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Is a combi boiler suited to my home?

Do you have the right boiler installed in your home? In this day and age, most boilers in smaller homes are combi boilers, and this makes sense as they are commonly the most efficient boilers out there. But if you don't have a combi boiler installed in your home, should you have one? 

What exactly is a combi boiler?

One of the most common types of boilers is a combi boiler (or, to give it its full name, a combination boiler), which is the name given to a cold water boiler that delivers heat for central heating and boils water instantly when a hot tap is opened. Gas boilers, regular boilers (also known as conventional boilers or heat-only boilers - which have a storage tank), and system boilers are other types of boilers.

Because a combi boiler draws water from the mains, the water pressure is often higher. When it comes to the correct boiler cost, installation expenses, and total energy bills going forward, this boiler type is one of the more high-efficiency boiler systems available at a price that suits most budgets. 

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Which type of property is a combi boiler best suited to?

 It is great for smaller buildings, and boiler brands offered on our site from Green Flame Plumbing and Heating include Baxi, Glow-worm, Ideal, Viessmann, Vaillant, Worcester Bosch, and many more. We are pleased to announce that we are Ideal Max Accredited installers, allowing us to provide extended warranties on Ideal boilers. 

Do I need a combi boiler for my home?

Many variables influence whether you should maintain your current boiler or move to a combi boiler. It all boils down to the system's age, water pressure/internal flow rates, and hot water requirements. The cost of switching from a heat-only or system boiler to a combi boiler is more than a simple exchange. You must weigh the benefits of a combi, such as improved warranty coverage and more room, against the increased installation cost. If you already have a combi boiler, now is a good time to examine your heating and hot water requirements to ensure you select the proper combi boiler to maximise efficiency and the boiler's lifespan.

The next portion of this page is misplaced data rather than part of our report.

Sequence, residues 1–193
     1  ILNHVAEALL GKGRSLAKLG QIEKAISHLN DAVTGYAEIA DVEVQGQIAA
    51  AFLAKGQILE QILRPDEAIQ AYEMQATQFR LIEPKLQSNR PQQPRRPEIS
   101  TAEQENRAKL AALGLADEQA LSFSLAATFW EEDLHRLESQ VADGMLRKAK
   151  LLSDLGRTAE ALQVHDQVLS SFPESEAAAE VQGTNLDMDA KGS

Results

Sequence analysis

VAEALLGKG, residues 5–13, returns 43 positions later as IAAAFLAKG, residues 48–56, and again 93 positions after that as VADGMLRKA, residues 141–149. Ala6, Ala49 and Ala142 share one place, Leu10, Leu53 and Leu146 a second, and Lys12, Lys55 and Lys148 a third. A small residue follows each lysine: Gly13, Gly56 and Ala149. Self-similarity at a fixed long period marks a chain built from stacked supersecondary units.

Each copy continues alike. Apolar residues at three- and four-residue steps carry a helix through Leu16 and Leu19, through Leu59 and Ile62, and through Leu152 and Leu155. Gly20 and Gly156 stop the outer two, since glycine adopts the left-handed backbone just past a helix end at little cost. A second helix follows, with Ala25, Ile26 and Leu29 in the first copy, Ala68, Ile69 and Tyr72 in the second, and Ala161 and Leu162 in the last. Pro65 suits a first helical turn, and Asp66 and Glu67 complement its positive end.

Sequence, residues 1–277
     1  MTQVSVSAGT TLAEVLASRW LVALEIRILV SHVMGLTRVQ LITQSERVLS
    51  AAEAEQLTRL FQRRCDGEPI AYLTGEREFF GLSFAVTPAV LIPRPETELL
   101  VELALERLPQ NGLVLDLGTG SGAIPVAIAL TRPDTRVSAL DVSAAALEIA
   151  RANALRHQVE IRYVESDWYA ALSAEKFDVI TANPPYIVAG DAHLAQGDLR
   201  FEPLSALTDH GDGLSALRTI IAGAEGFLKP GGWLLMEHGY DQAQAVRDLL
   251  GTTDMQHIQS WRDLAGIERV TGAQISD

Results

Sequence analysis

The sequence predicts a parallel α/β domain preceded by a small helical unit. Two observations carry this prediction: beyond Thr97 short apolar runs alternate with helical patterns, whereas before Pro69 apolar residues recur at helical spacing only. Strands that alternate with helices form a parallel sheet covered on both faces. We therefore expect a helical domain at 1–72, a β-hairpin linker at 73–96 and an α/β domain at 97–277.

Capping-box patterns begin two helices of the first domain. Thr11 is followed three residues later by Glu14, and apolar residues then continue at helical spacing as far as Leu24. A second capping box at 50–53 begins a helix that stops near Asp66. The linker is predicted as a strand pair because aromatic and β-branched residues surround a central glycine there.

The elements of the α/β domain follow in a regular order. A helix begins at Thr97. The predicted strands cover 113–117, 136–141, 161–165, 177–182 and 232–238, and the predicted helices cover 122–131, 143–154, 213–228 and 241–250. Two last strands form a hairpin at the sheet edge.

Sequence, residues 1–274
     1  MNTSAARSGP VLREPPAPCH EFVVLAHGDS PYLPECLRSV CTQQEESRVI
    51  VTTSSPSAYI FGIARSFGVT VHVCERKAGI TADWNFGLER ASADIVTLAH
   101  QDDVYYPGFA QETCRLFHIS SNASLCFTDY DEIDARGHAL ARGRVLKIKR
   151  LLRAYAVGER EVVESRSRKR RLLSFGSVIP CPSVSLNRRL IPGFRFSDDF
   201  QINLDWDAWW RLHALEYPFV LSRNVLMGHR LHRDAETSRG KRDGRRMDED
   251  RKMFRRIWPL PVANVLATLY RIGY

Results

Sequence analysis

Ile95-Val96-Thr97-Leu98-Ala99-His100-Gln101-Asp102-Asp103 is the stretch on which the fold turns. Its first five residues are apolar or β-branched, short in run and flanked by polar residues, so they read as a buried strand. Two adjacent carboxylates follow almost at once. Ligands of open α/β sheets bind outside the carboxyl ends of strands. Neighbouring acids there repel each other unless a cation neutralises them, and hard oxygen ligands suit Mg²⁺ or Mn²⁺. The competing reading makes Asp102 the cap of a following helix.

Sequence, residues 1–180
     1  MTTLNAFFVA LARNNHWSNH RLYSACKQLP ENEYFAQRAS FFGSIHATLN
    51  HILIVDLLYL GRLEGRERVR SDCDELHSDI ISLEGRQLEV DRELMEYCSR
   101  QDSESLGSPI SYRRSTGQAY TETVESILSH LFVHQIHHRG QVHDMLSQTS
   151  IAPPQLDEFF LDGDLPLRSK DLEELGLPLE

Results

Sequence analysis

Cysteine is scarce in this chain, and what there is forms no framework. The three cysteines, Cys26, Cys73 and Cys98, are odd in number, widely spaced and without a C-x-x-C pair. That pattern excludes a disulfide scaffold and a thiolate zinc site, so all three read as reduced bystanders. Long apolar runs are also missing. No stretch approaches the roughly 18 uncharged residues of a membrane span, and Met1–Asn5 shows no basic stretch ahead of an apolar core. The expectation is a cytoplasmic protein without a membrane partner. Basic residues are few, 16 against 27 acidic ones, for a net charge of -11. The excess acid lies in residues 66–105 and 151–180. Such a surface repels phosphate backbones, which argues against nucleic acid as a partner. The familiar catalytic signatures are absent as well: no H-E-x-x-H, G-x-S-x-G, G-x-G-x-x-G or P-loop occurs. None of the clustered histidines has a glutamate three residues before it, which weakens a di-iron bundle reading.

combi boiler installation

Factors that determine whether you need a combi boiler installed

The age of the system

When installing a combi boiler, there is a danger of leakage if you have really old radiators installed in your home. Also, if you have a storage tank (for example, if you have an open-vented system with a feed and expansion tank in your loft), then this must be changed to a 'sealed system,' putting the system under pressure and potentially causing leaks if changed to. combi boiler. In this case, you might opt to keep your heat-only boiler in order to avoid the hassle.

Your home's water pressure/flow rates

In order to function properly, a combi boiler requires adequate incoming water pressure as well as adequate internal flow rates. Some parts of the UK have low incoming water pressure, making a combi boiler unsuitable. For example, it might be the case that certain houses have extremely complicated plumbing, making it difficult to run the boiler. Combi boilers require a minimum flow rate of 10 litres per minute to operate. If you have less, you will need either a mains pump (which may boost the flow rate to 12 litres per minute) or a pressure accumulator tank. If you aren't sure what your flow rate is, you can check in with your neighbours to see if they have a combi boiler installed. Alternatively, you can call one of our professional heating engineers here at Green Flame to visit your property and test your water flow rates to ensure they are appropriate for a combi boiler installation.

The number of bathrooms in your home

Combi boilers have flow rates ranging from 10 to 25 litres per minute, which is sufficient for the great majority of households with one or two bathrooms. If you have a large home with many bathrooms, are expanding bathrooms, or if you and your family take multiple showers at the same time, even the largest household combi boiler may not be enough. When several hot water outlets are in use at the same time, such as two showers, the hot water flow rate of even the largest boilers is half. It may be worthwhile to investigate a system boiler with an unvented hot water cylinder (if the water pressure is good). Even the most powerful combi boilers have limitations. A system boiler and high-performance hot water cylinder may be a better solution for your home if it has higher hot water flow rates and over 3 bathrooms.